And in a world of 7 billion diverse viewpoints, one who belongs has let go of the need to try to appeal to all of them.  One recognizes deeply that they will be liked and disliked by some regardless of how they show up, so they might as well be themselves. 

 

Important additional details

(1) Risking rejection is not to be confused with rebellion. Rebellion is beholden to the same dynamics as FI but uses denial as a coping mechanism.  Rebellion makes believe it is beyond FI, but the inner motivations have the same roots.  In belonging, risking rejection comes with a sense of discernment and is not done for its own sake or appearances.

(2) Belonging isn't necessarily about being big or famous. One occupies a place from which they feel a powerful, satisfying sense of enoughness, which comes with gratitude and humility. What they do in the world and the people that are around them just feel like a natural fit.

(3) I can share that this is not a steady, ongoing state for me at this moment. I speak from periods, moments, and glimpses. I still am practicing the transition to Belonging and letting go of the old patterns of FI.

(4) Belonging is not black or white. It develops along a spectrum. As with FI, its degree can vary and it can show up differently in different areas of one's life.

(5) Escape is when takes an avoidant stance towards society and is neither about fitting in nor belonging.  It is beholden to the same dynamics as FI but chooses that the safest route is to step out altogether.  This is not to be mistaken with a healthy pause, sabbatical, learning quest, or gap year. 

 

The Underlying Attitude

One realizes at some moment that social masks and conformity will never take them to what they are trying to realize in their lives. More than outward success based on formulas and scripts, one looks to define success on one's own terms. He/she learns to accept the risk that goes with having a less pre-defined course of action. They become willing to find their own leadership and more embracing of the possibilities that come with uncertainty, even if that means facing a lot of fear. They look to become the author of their own lives rather than drifting along by the currents of society.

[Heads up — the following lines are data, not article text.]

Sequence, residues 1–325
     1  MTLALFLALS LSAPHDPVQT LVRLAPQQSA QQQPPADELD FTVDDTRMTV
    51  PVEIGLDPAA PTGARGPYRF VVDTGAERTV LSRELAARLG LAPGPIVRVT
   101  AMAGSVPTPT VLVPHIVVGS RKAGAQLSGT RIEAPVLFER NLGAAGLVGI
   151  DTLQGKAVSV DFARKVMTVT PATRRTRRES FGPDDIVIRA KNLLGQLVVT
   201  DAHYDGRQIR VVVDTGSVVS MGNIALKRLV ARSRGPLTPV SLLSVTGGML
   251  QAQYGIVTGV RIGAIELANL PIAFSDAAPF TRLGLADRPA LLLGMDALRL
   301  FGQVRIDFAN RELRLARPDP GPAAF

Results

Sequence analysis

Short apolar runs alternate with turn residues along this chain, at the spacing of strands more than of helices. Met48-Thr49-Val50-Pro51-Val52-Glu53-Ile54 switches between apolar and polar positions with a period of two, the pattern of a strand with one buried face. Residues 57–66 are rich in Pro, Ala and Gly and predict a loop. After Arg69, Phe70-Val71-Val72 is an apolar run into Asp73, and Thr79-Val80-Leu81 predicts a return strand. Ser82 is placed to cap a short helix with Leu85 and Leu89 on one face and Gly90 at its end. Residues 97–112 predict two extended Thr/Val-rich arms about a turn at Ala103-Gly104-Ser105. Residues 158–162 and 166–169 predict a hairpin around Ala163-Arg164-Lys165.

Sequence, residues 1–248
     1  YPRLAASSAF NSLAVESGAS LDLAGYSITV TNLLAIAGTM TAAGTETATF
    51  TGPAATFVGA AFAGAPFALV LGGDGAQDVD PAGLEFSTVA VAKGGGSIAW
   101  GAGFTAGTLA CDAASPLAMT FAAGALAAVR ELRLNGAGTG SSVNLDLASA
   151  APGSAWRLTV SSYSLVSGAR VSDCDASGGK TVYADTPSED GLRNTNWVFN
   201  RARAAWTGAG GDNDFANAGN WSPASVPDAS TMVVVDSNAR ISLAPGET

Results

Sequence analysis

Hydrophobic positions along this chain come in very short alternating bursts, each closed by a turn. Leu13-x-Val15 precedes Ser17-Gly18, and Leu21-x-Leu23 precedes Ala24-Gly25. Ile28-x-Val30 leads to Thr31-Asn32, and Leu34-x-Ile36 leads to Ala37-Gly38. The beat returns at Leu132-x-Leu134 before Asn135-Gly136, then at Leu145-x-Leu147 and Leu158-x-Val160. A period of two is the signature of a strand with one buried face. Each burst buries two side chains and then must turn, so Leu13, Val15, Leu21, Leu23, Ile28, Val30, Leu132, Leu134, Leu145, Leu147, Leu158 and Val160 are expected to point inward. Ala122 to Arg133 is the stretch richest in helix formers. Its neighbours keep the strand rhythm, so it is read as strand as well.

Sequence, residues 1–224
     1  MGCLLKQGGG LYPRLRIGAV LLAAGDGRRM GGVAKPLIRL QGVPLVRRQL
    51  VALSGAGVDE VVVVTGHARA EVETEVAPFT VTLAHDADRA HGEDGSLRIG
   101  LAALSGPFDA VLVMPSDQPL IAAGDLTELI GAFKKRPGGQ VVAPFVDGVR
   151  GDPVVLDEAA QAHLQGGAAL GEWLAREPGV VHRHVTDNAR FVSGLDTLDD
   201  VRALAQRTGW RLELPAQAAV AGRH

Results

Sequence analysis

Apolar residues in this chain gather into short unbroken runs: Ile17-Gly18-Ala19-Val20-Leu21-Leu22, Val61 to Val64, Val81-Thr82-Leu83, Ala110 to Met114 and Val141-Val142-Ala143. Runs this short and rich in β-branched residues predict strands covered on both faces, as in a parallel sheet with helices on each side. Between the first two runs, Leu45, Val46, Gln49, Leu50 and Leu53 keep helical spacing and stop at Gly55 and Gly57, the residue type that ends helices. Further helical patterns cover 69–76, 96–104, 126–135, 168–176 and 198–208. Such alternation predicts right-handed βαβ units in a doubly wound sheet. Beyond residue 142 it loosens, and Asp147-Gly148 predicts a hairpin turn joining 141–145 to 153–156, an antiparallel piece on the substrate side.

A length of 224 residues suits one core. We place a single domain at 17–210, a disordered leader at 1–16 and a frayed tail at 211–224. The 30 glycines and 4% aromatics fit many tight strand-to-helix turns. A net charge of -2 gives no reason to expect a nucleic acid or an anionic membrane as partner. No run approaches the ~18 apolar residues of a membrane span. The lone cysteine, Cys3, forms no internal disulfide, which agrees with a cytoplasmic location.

There is significant challenge that comes with letting go of the references one has been given by parents, society, school, and peers. Finding what is truthful and what is false in one's existing frame of reference for oneself is a work of discernment.  It can entail an extended period of transition.

 

Values expressed

Authenticity, character, moral courage, self-reliance, self-responsibility, integrity.

 

Conclusion

A client had told me she suffers from impostor syndrome, one of the symptoms I mention above. She described it more or less as the fear of being revealed as a fraud. She began to let go of calming and soothing that fear in the vein of fitting in.  She began to challenge herself to express more authentically. She began to face the narratives that would keep her dissatisfied and stuck in thinking the problems were external in the circumstances.

Her bosses and colleagues were blown away by the true wisdom, insight, and intelligence of her better self.  It ironically earned her loads of recognition.  FI had of course never earned that for her in that way. She claimed self-responsibility and her whole professional situation transformed around her (promotion, raise, new projects, meeting 1:1 with CEO). It was inspiring to see.

I know a fair number of people who have embraced what it takes to find belonging.  It takes vigilance to face oneself on ever deeper levels. Among those, I have sometimes heard complaints because of the challenges which naturally arise.  Ultimately, though I never heard a single person say they would prefer to go back to the lives they were previously living. I have never met a person like Cypher in the Matrix movie.

Whichever tree you decide to climb, do it by choice and know what the implications are.  Mangos will never grow on lemon trees.